Ireland will not leave Golan Heights

Ireland will not unilaterally pull its troops out of the UN peacekeeping force in the Golan Heights, Defence Minister Simon Coveney has said.

Ireland will not leave Golan Heights

The insistence came just a day after Mr Coveney said the 133 soldiers faced an “unacceptable” level of danger as the area they cover became dragged into the Syrian civil war.

Asked if there was any question of Ireland going solo on a pull-out, Mr Coveney said: “Not for the moment, no. We need to go through a full reevaluation and review process now. You are not going to get knee-jerk reactions from me.” Mr Coveney said the troops were safe.

The minister made it clear Ireland expected the UN to radically alter the terms on which the peacekeeping force, known as UNDOF, operates.

“The UN now needs to respond either by a change of mandate, or a change of structure, in that mission to the new realities on the ground, which is that there is a civil war raging in Syria, that civil war is now part of that demilitarised zone that UN troops have been monitoring,” Mr Coveney said.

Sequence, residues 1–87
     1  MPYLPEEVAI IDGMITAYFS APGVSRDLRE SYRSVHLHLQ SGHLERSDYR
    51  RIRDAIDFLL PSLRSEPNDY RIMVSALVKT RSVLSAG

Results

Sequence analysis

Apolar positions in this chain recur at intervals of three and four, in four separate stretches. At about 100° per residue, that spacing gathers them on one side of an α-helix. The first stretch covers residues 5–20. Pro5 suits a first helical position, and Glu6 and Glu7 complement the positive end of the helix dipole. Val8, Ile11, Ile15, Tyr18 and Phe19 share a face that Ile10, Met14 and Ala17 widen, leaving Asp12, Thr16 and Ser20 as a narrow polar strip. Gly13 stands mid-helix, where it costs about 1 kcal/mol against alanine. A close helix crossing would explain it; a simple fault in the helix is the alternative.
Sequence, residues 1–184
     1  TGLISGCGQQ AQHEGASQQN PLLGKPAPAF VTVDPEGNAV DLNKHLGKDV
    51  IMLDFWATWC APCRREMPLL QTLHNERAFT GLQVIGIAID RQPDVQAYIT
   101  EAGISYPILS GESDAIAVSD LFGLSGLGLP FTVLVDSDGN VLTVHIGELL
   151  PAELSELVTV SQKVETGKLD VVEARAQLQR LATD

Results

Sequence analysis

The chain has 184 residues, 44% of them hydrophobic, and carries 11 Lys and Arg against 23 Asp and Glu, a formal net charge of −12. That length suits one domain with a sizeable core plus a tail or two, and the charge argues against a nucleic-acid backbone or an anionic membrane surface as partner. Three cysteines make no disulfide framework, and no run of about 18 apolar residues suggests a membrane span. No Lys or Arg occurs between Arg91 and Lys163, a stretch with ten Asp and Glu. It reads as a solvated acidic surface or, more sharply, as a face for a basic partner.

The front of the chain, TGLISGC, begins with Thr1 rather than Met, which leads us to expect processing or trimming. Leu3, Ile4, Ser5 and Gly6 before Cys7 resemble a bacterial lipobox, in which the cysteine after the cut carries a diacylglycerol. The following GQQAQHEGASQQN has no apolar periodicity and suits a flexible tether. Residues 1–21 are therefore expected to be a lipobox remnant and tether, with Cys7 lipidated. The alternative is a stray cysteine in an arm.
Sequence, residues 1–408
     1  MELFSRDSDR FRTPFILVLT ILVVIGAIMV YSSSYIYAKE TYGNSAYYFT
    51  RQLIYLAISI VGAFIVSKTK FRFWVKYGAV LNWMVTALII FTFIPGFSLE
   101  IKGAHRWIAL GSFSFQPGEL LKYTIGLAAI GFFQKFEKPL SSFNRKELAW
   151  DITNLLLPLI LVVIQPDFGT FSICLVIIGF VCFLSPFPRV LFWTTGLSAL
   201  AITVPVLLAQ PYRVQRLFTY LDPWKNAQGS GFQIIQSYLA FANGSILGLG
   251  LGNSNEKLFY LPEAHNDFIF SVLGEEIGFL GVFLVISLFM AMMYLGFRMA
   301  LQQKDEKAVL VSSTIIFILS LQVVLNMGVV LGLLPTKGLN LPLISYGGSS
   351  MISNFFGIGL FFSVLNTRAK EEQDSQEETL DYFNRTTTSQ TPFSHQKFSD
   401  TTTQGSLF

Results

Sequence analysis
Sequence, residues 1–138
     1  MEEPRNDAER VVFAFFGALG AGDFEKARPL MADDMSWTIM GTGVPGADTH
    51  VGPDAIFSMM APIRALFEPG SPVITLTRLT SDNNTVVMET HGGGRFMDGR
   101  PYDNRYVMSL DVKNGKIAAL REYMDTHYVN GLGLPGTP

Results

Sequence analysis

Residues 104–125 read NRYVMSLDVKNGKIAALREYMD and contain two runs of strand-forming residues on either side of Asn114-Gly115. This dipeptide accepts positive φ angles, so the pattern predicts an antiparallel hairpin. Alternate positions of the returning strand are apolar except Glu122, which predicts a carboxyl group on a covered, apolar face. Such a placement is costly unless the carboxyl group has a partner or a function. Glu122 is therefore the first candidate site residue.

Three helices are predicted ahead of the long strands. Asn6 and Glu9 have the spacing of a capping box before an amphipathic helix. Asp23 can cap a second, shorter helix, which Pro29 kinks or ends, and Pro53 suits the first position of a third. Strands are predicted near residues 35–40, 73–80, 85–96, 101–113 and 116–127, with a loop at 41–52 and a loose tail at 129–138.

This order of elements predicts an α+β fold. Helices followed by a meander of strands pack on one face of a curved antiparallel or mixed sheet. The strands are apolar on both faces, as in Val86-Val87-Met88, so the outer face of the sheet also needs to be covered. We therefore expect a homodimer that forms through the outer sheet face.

“There are always levels of risk connected with peacekeeping missions but there are also unacceptable levels of risk and we expect that the UN, after a full review and reevaluation of the UNDOF mission, will respond to the new realities on the ground if they want to keep the mission there.”

The view was echoed by the Chief of Staff of the Defence Forces who said preparations were continuing to deploy a replacement batch of soldiers to the zone within weeks.

However, Lieutenant General Conor O’Boyle, who dismissed reports that the Irish camp had come under direct fire, said the plans could change depending on the situation on the ground.

The unfolding situation in the Middle East is set to dominate today’s first Cabinet meeting since the recess with Mr Coveney, and Foreign Affairs Minister Charlie Flanagan giving reports after conducting video calls with UN officials.

Taoiseach Enda Kenny also stated he did not want to see Irish soldiers become embroiled in the Syrian civil war. “The troops are there as part of a UN Mission with a particular mandate,” he said. “The reason I had a paragraph inserted in the conclusions of the European Council meeting on Saturday was that mandate should be respected.

“They are there because they are professionally trained with very high expertise. That said, you cannot stray from beyond the mandate of the United Nations into a situation where our troops will be dragged unfortunately into a civil war.”

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